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Network lifetime is a crucial concern for Wireless Multimedia Sensor Networks (WMSNs), particularly due to the energy constraints of their nodes and the significant bitrate required by multimedia applications. This paper deals with this issue, studying how to achieve the maximum network lifetime, and simultaneously satisfying the best aggregate throughput for the multimedia services offered. To this end, we propose a planning model that results in a more accurate solution for an arbitrary network deployment than using the current optimization techniques applied both to WMSNs and traditional Wireless Sensor Networks (WSNs). Our model is based on multi-objective formulation and goal programming, which, to the best of our knowledge, have never been employed in the WSN field. This paper also proposes a load balancing algorithm which ensures a fair traffic load distribution per link during the network operation and matches the values returned by the mathematical planning model for the set lifetime and throughput. Simulation results are presented and further discussed to show the effectiveness of the numerical solutions. Finally, a test-bed deployed in a trial environment validates the theoretical contributions of this work.
A critical issue in energy-efficient Wireless Multimedia Sensor Networks (WMSNs) [1] design is how to maximize the throughput. This decision has a clear influence on the power required by the network nodes deployed in the area of interest. Unlike Wireless Sensor Networks (WSNs) focused on sensing monitoring of some physical parameters (temperature, pressure, humidity, etc.), WMSNs are intended to offer added-value services, e.g., tele-surveillance, which demand higher throughput and have a negative impact on the network lifetime in comparison with conventional WSN applications. On the one hand, maximizing the throughput objective enables these added-value services in the network, which also implies the improvement of technical aspects such as increasing the number of video sensors or the image quality. However, the network lifetime (defined as the time period between the network starts its operation and the first node depletes its battery) is jeopardized due to the notable increase of the nodes energy consumption. On the other hand, maximizing the network lifetime objective often involves worsening the performance of these added-value services.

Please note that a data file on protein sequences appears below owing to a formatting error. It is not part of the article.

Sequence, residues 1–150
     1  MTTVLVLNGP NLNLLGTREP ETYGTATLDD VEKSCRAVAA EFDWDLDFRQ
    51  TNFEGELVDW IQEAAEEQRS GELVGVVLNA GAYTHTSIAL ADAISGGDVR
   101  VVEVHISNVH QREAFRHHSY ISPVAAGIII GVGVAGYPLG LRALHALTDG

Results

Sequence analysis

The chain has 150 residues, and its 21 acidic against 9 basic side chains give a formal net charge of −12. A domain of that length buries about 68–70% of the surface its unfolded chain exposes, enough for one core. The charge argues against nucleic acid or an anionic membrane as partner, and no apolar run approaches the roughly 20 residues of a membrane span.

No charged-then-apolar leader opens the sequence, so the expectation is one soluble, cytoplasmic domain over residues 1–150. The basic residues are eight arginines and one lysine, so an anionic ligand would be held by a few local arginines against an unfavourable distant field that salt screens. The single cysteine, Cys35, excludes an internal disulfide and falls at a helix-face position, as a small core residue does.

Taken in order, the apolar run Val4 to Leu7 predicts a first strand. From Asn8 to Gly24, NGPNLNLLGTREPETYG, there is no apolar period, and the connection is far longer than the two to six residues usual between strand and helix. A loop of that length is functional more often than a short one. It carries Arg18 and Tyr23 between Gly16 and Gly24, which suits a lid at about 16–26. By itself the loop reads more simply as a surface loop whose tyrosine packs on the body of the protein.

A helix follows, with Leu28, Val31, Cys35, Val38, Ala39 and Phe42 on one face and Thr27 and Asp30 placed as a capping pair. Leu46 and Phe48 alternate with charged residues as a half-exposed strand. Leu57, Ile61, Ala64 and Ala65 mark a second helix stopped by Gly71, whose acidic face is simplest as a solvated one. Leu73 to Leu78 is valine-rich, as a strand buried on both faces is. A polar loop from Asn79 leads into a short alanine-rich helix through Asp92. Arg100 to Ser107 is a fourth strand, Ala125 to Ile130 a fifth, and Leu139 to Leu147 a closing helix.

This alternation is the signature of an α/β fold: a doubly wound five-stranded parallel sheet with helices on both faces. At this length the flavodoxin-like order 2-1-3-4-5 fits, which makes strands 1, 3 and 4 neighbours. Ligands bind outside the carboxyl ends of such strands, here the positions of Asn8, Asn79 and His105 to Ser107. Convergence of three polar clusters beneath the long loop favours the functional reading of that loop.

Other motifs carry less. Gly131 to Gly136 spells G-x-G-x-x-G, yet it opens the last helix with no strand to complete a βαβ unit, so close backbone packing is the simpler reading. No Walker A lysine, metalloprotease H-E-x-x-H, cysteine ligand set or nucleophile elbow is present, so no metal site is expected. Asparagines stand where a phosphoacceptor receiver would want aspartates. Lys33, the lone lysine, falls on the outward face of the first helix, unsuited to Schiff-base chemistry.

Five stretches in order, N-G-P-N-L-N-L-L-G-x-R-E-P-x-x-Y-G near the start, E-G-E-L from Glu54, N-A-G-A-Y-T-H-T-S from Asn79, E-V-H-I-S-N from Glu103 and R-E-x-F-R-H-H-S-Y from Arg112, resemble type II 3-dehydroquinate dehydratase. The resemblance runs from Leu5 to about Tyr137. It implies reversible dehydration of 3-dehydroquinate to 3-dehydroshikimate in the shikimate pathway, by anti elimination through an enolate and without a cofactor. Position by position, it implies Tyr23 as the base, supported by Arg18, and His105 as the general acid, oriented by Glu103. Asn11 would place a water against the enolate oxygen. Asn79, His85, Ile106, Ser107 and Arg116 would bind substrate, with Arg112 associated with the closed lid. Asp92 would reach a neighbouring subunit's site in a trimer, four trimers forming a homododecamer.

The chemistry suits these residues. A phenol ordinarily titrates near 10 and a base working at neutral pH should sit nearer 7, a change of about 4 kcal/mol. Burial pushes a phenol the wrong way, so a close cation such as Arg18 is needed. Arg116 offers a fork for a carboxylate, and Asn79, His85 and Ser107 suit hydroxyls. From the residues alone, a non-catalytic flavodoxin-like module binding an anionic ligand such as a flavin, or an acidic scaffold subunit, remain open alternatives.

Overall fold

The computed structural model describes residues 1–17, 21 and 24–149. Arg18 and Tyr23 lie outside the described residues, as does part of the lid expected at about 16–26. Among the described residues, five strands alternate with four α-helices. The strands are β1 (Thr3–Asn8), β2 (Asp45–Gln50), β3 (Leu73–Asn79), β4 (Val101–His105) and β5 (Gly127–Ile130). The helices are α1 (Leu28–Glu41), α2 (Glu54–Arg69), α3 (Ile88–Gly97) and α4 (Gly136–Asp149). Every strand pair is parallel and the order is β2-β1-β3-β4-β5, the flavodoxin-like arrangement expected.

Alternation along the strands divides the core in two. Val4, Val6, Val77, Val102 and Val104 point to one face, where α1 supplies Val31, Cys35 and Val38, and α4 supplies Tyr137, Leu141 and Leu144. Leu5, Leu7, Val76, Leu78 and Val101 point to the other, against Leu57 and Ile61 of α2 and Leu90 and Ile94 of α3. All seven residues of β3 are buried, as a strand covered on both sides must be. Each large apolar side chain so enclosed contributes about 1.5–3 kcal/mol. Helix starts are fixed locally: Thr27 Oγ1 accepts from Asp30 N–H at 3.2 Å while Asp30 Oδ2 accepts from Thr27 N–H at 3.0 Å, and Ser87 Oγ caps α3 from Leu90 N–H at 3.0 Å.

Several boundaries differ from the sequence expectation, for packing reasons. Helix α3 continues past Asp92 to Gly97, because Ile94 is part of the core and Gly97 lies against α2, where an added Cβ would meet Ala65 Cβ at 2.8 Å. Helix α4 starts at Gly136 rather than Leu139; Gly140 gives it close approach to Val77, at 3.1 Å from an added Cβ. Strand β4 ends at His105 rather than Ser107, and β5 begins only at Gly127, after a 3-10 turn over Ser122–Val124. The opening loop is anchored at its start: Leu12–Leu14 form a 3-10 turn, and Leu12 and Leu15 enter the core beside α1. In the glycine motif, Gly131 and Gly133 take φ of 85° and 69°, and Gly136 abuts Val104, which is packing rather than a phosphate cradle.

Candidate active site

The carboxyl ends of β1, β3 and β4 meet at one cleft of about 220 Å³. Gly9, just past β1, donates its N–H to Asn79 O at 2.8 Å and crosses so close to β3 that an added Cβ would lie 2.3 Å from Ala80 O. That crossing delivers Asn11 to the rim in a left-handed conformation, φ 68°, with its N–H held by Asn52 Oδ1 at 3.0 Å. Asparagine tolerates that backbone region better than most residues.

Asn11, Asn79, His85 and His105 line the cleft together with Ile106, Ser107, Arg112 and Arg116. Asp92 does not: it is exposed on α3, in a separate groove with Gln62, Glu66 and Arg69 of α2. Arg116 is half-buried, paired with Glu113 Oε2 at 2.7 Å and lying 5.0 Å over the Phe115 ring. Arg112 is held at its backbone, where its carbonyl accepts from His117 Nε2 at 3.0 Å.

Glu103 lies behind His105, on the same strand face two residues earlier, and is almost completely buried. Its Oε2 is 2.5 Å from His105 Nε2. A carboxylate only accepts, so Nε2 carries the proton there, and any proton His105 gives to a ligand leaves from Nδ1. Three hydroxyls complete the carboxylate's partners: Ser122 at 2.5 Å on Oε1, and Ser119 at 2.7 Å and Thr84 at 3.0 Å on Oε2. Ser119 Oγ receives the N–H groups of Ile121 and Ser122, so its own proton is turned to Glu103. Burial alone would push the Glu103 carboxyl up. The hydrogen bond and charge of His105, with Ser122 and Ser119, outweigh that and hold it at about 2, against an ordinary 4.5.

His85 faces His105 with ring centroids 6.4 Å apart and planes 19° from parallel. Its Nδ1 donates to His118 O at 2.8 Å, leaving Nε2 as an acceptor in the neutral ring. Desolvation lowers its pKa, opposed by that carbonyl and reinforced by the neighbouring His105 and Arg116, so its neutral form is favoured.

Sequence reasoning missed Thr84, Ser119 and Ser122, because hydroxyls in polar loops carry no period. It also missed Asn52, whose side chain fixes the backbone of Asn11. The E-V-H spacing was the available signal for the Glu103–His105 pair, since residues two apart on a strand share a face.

Therefore, WMSN services exhibit conflicting objectives: when the throughput improves, the lifetime deteriorates, and vice versa. This explains why WMSNs have not been fully exploited yet, being currently an open issue of intensive research. In order to face this shortcoming, recent mathematical models based on optimization techniques were developed to balance both metrics. In this context, some works optimize both figures separately. They focus on either optimal bitrates entailing fixed network lifetime, or optimal lifetime assuming fixed transmission rates [2–4]. Other works [5,6] sort out this concern by optimizing throughput and lifetime sequentially, what may lead to a better performance of only one metric, but degrading the other one. These simplifications considerably relax the mathematical problem at the expense of deteriorating the results; therefore they do not obtain the optimal solution for the set of both parameters.